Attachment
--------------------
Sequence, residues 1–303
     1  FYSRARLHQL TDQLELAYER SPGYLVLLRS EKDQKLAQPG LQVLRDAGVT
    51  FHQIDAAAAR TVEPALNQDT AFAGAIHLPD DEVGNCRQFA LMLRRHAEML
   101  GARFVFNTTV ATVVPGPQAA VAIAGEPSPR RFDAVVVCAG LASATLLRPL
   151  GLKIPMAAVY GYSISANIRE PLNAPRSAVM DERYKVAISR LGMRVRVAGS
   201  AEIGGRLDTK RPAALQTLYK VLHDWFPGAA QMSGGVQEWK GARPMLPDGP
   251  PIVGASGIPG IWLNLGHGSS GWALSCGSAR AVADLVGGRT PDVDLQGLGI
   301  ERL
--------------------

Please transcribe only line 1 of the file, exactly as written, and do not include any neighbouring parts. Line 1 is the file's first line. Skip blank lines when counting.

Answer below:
Sequence, residues 1–303